Redefining Research

Sorry it’s been so long, nobody.  I’ve had ideas–just not the motivation to open up the ol’ WordPress.  I should really bookmark this site.

So I’m sitting in Panera (my dog is too cute for me to get any work done at home), and I’m making a list of goals for the upcoming school year.  I might blog about these goals soon, too, but this particular one sparked inspiration.  Here’s what I just wrote as a goal for my 9th Grade Lit classes this year:

“Do a much better job on research”

Last year’s research unit was particularly terrible.  I had a student-teacher.  We were running out of time.  I’ve got all sorts of excuses, but the bottom line is that my students left the unit no smarter than they were before.  Heartbreaking stuff.

But here’s what I just wrote immediately under my goal of doing a much better job on research this year:

“Requires redefining research in today’s world”

And I support that idea.  BUT…How can my research unit

  • make my kids more inquisitive?
  • teach my kids to see connections between multiple bits of information?
  • synthesize those connections into a meaningful, new creation of their own?

Wikipedia has already created a summary of Renaissance clothing, racism in the 1930’s South, Zeus, etc.  Making students do a project on this stuff without Wikipedia is like making them dig a hole without a shovel.  Where’s the value in inefficiency?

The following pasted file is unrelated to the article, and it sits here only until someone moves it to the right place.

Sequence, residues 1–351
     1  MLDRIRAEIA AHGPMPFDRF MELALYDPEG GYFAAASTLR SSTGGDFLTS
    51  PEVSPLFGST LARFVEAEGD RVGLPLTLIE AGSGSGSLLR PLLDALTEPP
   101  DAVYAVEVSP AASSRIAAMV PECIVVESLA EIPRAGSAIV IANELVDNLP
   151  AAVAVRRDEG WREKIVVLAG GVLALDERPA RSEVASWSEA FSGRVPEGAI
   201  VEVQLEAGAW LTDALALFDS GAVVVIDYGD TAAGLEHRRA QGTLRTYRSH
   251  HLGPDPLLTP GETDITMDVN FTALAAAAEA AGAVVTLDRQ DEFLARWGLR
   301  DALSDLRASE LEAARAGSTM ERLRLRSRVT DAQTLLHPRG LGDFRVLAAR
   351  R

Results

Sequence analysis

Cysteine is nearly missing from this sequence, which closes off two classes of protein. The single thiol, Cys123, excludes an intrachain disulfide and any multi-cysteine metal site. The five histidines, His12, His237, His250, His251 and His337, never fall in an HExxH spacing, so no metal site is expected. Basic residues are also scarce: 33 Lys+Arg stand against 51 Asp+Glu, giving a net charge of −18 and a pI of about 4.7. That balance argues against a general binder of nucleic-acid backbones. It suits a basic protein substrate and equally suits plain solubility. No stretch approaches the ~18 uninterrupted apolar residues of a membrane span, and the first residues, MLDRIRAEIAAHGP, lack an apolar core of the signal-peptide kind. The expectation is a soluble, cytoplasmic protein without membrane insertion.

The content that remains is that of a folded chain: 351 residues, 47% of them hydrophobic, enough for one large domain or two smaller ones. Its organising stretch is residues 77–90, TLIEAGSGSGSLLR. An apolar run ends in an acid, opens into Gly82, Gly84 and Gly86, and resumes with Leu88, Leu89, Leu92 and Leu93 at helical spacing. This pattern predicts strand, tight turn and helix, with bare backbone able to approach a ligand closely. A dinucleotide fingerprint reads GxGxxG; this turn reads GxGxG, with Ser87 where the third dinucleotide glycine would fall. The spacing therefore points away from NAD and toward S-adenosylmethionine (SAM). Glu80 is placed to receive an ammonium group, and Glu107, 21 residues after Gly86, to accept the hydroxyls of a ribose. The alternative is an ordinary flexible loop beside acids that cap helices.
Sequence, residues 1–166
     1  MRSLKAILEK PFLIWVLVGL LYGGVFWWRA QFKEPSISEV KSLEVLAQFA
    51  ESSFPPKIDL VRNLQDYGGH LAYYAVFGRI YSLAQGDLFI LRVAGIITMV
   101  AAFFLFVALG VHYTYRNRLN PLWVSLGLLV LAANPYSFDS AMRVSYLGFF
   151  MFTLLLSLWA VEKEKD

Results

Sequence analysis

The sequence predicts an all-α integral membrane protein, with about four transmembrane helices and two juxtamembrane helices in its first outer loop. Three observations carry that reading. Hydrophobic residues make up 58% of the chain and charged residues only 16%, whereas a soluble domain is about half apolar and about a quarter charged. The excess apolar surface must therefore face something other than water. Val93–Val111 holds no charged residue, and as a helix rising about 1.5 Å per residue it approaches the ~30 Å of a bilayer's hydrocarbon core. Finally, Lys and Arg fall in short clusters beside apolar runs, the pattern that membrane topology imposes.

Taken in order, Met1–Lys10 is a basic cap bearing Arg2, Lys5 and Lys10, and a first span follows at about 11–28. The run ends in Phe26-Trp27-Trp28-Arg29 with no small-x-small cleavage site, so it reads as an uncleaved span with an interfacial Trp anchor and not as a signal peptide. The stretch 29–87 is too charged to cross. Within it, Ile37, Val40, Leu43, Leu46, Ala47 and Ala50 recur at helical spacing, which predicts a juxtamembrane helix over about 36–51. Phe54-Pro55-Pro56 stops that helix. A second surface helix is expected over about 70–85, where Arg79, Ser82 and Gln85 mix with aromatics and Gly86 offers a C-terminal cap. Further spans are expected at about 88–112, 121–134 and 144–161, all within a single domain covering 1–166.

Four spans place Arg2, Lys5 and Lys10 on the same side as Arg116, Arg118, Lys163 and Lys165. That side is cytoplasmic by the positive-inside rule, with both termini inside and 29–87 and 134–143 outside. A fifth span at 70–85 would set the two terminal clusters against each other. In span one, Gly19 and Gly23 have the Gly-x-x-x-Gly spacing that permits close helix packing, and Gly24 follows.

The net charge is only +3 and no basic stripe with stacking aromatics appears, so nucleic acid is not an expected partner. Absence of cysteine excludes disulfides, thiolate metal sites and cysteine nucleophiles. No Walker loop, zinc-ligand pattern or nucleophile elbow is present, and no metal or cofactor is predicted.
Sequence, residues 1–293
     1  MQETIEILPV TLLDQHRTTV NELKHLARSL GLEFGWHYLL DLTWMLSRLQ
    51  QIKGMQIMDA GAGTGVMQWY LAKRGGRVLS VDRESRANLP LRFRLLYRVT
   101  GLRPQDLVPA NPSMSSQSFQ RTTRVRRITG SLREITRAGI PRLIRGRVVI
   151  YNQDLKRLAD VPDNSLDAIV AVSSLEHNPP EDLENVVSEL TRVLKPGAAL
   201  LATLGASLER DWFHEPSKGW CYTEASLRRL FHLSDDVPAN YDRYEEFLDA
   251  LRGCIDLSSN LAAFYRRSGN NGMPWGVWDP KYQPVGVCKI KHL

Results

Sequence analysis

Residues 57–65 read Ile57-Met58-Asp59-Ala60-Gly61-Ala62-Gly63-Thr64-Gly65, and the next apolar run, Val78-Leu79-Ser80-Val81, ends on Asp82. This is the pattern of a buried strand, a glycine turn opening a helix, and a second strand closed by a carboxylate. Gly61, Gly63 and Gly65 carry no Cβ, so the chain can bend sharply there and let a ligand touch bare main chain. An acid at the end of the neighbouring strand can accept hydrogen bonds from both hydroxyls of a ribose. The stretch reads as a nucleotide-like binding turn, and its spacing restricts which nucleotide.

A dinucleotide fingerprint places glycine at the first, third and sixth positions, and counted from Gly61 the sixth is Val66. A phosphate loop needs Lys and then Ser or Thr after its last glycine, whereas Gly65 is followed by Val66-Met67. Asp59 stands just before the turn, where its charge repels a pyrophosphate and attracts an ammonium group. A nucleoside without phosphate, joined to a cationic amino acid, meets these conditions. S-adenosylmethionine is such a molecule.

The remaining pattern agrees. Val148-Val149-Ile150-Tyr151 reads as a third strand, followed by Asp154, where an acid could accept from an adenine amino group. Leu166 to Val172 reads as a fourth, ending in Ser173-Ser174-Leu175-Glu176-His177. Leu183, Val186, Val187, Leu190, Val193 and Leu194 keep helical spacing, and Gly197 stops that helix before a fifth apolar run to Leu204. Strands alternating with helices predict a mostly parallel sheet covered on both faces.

My biggest concern: how do I go beyond Wikipedia–not just because some teacher’s don’t like it–but because the project demands it?  Google and Wikipedia exist, so I have to realize a next step in what is typically considered “research” in the classroom.  For example:

Give students two completely unrelated topics and have them do research to find a chain of connections between the two.  Ken Jennings does this for Mental Floss magazine (marvel as he links Isaac Newton to Apple computers).  And I found another teacher who plays a similar Wikipedia link game.

It’s brilliant, really.  It’d require students to go down all sorts of paths, hit many dead-ends, but by the end of it, they’d have a beautiful summary about stuff they’ve never thought about before, including the crap my Odyssey, Shakespeare, whatever unit had to cover.

Thanks for reading while I figured this out.  Feels like I took care of a goal today.

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